I have read that most trees that are grown from seed turn up to be very different than the parent. For example, some sources claim that the chance to get good apples from an apple grown from seed is 1/25. However, I also read that self-fertile trees tend to grow fairly true to seed. I would expect that chances to get similar nuts to the nuts of the parent walnut would be much higher than the apple's offsprings. Still, I cound not find any evidence if English walnuts grow partially true to seed or not. I would like to know if someone has some statistics or has conducted an empirical evidence on that.

  • Depends what you mean by similar. I am unfamiliar with walnuts, but pecans are very common here and many varieties have been developed ; some larger, some smaller, some thinner shells , but all "similar". Commented Nov 12, 2021 at 16:43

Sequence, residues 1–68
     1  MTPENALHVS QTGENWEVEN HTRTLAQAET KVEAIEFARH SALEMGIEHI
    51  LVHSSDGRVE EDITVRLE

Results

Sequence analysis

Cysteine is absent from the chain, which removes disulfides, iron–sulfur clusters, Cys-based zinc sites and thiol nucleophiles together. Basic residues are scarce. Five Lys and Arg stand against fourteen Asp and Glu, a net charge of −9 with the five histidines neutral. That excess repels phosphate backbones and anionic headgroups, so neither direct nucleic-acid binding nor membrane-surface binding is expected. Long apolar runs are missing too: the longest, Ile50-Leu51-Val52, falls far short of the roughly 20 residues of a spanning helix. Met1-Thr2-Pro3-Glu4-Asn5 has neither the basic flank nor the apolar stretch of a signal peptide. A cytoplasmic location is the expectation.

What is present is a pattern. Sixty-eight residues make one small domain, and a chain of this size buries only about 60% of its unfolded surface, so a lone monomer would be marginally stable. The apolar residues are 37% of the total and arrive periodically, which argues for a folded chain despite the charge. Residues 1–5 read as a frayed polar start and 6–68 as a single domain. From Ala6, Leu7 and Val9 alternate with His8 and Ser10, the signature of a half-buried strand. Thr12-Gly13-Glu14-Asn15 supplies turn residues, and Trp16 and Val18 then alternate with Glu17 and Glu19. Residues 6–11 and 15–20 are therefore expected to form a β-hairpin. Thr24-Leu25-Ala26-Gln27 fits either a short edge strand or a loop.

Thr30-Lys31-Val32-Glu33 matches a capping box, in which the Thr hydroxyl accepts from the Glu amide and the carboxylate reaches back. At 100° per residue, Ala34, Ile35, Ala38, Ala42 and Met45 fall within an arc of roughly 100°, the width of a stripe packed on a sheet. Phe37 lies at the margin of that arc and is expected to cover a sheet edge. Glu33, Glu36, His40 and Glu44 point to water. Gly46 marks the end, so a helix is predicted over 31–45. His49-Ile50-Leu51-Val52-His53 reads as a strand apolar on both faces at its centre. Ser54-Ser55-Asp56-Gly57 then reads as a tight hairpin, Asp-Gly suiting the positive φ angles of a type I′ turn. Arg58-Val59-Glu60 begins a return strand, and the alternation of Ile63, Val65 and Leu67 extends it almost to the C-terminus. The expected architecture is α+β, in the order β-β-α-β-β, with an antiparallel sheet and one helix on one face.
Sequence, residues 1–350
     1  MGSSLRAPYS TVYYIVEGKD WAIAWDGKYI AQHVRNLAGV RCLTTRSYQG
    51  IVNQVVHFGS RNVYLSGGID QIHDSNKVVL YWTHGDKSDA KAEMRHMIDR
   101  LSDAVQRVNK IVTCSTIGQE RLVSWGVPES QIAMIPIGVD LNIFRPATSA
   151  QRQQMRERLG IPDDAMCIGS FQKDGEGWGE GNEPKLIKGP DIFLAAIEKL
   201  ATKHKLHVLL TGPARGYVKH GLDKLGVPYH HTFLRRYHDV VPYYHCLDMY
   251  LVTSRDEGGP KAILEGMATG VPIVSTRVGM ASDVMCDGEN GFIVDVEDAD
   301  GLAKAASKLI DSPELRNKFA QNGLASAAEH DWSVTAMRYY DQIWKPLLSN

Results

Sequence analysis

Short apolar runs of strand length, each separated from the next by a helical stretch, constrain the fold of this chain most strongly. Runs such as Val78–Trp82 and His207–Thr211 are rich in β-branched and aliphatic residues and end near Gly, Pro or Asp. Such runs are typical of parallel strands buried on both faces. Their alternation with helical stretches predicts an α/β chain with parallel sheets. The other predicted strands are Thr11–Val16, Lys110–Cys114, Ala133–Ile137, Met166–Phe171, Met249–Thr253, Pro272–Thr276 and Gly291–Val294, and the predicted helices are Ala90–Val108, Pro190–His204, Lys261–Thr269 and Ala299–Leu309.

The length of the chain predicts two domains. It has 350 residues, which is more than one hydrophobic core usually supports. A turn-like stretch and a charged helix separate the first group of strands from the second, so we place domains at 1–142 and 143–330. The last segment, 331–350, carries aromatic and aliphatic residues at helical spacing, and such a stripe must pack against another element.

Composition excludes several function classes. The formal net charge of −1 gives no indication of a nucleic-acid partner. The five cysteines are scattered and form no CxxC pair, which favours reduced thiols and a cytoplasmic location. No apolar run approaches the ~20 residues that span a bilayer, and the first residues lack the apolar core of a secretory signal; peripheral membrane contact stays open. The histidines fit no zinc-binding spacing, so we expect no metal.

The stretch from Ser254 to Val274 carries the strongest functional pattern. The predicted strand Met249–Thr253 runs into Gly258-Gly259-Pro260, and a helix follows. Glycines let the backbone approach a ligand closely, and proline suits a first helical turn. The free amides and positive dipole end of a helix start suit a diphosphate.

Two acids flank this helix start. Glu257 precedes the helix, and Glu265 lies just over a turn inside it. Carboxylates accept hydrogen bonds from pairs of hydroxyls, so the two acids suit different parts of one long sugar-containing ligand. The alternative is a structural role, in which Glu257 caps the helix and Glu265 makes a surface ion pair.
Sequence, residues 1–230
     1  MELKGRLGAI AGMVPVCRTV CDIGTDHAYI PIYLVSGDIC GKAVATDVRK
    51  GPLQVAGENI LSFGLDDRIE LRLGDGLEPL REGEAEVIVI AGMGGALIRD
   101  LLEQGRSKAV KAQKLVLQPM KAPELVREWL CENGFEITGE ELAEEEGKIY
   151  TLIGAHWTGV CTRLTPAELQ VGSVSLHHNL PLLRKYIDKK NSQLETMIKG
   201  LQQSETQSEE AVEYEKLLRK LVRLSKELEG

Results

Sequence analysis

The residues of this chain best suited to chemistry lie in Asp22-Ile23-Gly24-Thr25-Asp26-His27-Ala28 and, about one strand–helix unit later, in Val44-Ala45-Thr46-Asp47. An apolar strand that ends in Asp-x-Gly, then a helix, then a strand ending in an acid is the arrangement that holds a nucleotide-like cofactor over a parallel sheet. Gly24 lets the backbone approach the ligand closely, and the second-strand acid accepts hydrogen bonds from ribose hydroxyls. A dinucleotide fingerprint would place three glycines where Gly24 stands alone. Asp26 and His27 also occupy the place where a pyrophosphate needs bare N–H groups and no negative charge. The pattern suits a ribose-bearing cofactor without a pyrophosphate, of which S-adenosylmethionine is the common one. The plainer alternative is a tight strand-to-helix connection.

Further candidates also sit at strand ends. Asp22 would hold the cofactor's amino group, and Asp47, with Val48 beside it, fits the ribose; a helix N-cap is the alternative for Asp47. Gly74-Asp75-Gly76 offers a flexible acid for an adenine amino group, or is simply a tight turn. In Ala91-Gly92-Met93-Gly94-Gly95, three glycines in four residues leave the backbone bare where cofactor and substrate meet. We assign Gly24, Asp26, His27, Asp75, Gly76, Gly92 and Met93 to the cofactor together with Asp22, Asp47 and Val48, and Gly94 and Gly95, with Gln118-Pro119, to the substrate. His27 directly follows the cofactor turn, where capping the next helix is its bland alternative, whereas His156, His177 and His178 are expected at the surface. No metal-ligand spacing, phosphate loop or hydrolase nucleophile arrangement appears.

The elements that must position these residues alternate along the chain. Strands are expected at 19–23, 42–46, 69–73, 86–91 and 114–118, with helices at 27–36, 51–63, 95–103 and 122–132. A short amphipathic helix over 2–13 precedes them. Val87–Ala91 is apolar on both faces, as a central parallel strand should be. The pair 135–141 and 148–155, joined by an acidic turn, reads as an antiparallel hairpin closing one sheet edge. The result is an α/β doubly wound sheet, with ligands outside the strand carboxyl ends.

• @blacksmith37, for the walnut I guess the 3 most important qualities are to be with a thinner shell, larger size and to be able to produce generous amount of nuts each year. So, if the parent exhibits these qualities, what are the chances that the child walnut is also like that? (under equal other conditions). I am also interested to know if the chances are higher in comparison with other fruit trees, e.g. cherries and apples, for which there is enough evidence that they do not come true from seed. Thank you!
    – Badan
    Commented Nov 15, 2021 at 8:21
  • I suspect the seeds will produce nuts that are a blend of the parent tree nuts. I have a peach that grew from a pit; it produced fruit very similar to the "mother" tree . Commented Nov 16, 2021 at 0:25


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